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#356 JDL

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Posted 06 March 2012 - 11:28 AM

Skeptics are believers too. They just believe something different.

They demand proof of your position, but cannot prove their own.

Objectively, their position is no more valid than the opposing position.

Using one element of questionable evidence to cast doubt on all evidence is a lawyer's tactic. Establish reasonable doubt. It proves nothing, but does serve to obstruct progress.
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For those who have not personally encountered a bigfoot, the proponent/skeptic debate comes down to nothing more than opposing belief systems.

#357 Saskeptic

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Posted 06 March 2012 - 11:36 AM

You need to stop trying to pick apart the examples i've chosen.

You're kidding, right? I'm not allowed to do any fact-checking on things you post? Are you running for office or something?

I was attempting to use the Okapi as an example of a failed expedition, . . .

Right, and when I did a little digging on the subject, I found three sources describing just one expedition between Stanley's original reports and the scientific description. That one expedition was Johnson's, and he confirmed the existence of the okapi and provided material for its description on the first try.

The gorilla was talked about as far back as i can remember, as wild men in the forests of africa.

Wow, you must be pretty old. Maybe you are that Caesar!

BTW, you'll find a similar pattern for gorillas too: Robert von Beringe bagged mountain gorillas on his first trek through the Virungas, and he wasn't even looking for them. So again, 1 for 1; batting 1000. Same goes for lowland gorillas: Reverend Thomas Savage was traveling in Gabon (Wiki says Liberia) when he stopped to rest from an illness in the home of another missionary, J. L. Wilson. Wilson showed Savage a strange skull that Savage recognized as something new and different. Savage published a description of the new species in 1847. Again: 1 for 1; batting 1000.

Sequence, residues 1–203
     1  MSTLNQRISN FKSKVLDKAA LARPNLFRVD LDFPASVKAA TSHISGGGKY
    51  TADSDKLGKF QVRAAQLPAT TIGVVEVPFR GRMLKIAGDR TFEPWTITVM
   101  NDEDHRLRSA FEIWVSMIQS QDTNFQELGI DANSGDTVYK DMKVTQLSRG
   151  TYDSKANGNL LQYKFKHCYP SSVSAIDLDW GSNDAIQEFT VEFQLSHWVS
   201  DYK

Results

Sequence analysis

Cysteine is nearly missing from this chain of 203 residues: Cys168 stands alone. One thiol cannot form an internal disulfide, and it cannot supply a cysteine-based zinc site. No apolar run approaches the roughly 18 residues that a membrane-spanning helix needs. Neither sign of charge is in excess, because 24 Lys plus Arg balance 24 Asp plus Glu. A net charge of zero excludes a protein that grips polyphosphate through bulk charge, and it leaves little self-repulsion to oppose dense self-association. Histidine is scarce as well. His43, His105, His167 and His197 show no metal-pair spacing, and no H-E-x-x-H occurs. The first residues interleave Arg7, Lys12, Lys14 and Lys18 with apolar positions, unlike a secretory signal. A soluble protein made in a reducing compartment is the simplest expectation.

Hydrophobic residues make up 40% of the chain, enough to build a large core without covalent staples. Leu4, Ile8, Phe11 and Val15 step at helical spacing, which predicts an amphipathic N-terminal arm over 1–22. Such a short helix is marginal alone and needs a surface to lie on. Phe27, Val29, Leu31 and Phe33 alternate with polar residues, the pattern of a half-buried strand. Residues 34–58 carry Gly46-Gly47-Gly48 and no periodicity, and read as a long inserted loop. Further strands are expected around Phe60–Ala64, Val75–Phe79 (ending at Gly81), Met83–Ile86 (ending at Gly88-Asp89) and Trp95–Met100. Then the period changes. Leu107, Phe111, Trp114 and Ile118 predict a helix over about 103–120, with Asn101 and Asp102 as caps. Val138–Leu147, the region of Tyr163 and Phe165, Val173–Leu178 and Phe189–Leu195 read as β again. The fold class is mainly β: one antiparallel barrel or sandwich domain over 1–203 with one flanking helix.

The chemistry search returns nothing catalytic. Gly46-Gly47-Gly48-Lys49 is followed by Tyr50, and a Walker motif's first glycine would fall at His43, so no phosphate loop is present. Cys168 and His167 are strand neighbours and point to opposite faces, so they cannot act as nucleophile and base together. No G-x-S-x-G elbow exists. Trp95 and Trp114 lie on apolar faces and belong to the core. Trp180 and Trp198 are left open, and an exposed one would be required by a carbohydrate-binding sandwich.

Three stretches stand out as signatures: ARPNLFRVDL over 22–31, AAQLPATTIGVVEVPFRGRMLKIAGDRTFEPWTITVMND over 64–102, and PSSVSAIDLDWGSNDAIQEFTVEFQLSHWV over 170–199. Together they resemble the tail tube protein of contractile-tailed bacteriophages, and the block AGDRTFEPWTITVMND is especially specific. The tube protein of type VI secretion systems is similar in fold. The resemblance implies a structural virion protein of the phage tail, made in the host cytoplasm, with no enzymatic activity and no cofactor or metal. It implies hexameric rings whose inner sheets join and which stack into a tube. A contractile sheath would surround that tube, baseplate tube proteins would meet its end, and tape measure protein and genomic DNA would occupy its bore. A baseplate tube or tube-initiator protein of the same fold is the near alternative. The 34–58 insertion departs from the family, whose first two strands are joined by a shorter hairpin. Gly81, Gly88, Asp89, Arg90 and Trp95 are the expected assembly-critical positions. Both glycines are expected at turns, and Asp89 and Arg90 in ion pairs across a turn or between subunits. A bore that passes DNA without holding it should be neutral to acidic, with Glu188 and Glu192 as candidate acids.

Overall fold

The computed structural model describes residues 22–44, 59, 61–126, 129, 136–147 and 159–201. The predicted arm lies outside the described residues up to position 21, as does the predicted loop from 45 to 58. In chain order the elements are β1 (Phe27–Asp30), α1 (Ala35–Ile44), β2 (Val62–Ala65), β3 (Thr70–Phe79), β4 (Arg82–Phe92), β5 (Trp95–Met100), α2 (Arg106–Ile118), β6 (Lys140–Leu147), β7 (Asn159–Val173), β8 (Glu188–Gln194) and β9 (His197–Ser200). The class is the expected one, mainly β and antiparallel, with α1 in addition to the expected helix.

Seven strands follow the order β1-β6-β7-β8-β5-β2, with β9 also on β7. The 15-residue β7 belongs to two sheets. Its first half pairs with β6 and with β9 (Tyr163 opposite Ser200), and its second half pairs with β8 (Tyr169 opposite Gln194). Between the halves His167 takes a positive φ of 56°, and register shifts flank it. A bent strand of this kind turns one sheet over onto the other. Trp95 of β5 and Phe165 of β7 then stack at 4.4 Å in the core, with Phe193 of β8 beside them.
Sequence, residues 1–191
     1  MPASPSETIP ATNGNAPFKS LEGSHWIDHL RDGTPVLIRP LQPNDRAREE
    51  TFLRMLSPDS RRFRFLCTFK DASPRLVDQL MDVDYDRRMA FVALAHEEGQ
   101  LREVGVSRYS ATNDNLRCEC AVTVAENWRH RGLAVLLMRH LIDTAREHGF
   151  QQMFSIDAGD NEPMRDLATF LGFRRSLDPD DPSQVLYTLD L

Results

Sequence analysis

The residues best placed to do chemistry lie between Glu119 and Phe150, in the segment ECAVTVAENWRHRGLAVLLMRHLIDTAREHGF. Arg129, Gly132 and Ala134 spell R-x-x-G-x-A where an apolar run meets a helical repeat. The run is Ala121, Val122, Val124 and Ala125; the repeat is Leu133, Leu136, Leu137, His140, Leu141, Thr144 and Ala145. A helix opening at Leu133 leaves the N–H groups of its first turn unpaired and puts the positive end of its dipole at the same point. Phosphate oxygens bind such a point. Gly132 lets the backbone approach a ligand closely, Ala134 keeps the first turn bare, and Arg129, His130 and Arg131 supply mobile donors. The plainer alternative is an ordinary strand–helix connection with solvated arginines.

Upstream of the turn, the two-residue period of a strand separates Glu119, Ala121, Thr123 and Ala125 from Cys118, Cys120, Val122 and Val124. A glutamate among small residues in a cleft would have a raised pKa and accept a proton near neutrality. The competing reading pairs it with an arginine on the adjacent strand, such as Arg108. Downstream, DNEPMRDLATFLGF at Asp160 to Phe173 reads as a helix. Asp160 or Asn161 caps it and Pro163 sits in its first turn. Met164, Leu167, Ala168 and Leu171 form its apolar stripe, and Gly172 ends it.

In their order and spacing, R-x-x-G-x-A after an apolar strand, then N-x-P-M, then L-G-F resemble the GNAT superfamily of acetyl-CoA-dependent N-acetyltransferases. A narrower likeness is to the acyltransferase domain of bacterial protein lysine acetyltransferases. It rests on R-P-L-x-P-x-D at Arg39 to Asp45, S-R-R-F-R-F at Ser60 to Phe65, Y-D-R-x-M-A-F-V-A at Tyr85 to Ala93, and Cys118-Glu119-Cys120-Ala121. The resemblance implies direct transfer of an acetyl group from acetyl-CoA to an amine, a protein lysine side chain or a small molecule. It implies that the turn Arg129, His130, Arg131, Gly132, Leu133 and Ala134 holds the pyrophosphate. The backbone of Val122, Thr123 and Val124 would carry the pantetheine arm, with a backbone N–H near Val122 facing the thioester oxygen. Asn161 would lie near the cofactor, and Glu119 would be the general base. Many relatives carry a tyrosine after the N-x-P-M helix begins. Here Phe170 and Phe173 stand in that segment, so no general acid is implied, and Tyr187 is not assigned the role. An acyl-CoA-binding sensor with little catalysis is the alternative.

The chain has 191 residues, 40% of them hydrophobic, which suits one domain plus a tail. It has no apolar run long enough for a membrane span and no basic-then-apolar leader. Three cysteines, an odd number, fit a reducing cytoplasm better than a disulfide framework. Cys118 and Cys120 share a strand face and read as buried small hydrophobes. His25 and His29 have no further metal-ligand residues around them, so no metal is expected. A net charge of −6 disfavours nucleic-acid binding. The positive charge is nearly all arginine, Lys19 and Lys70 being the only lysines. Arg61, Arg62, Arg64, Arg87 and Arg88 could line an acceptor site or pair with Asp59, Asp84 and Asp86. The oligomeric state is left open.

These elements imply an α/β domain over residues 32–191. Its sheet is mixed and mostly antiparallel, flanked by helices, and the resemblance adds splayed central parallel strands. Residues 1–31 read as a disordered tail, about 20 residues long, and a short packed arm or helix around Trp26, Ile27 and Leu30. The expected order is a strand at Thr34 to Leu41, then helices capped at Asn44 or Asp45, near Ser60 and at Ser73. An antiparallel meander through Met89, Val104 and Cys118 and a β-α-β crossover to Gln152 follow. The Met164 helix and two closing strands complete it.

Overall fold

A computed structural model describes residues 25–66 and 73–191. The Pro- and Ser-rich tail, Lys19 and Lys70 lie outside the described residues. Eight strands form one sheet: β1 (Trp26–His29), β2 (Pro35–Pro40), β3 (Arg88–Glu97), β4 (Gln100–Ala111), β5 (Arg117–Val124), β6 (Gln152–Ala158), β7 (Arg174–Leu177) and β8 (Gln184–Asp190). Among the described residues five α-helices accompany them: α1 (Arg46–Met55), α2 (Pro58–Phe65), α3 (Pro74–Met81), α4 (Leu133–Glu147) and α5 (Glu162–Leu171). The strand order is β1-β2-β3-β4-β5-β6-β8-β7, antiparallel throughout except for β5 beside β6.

Incidentally, crypto folks love to write about du Chaillu's accounts of gorillas being pooh-poohed by the establishment in Europe. Wiki says that du Chaillu's travels in Africa occurred 1856-1859; basically 10 years AFTER gorillas had already been described by Savage!

The terrain the Okapi inhabits is not as dense or hard to traverse as the mountainous forests and swamp land that BF is said to dwell in.

Do you mean like the parking lot of the Lucky Star Casino in Concho, OK, that kind of more dense and mountainous forest than where those wimpy okapis live?
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#358 Drew

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Posted 06 March 2012 - 12:06 PM

@Kit

I do understand the point you are trying to make, also the counter-point Ceasar is trying to make. 2 sides to the coin for sure.

However, there is one exception to the maps that I was hoping you could provide an explanation of.

If BF and UFO sightings correllate b/c of the reasons you suggest. Then why no BF sightings in Hawaii? It has always been the one state where no sightings have occurred. This portion doesn't fit into the model you describe. Any suggestions as to why that is?

Thanks.

http://www.bigfootha...om/aboutus.html

Bam! Bigfoot in Hawaii.

Seriously though
http://www.bigfooten...bs/aikanaka.htm

Edited by Drew, 06 March 2012 - 12:07 PM.

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#359 tsiatkoVS

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Posted 06 March 2012 - 12:10 PM

I'm going to try very hard to work "wimpy okapis" into my conversations, context be damned. Funny. Thanks Saskeptic.

Bam! Bigfoot in Hawaii.


Drat. I suppose we'll have to add those to the Bigfoot they see in Scotland.
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#360 Jeff Albertson

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Posted 06 March 2012 - 01:00 PM

I don't think that that the statistical probability is 100% that all bigfoot sightings are real, I don't think there is a accurate way to find out how many reports are real. We are still trying to prove that one report is real.("If you establish at any point that even one report is accurate then you have an animal. And if you have an animal then you have literally thousands of animals." - John Green)

"Either the most complex and sophisticated hoax in the history of anthropology has continued for centuries without being exposed, or the most manlike and largest non-human primate on earth has managed to survive in parts of North America and remains undiscovered by modern science."
- G.W. Gill - President of the American Boared of Forensic Anthropology

Edited by Jeff Albertson, 06 March 2012 - 01:07 PM.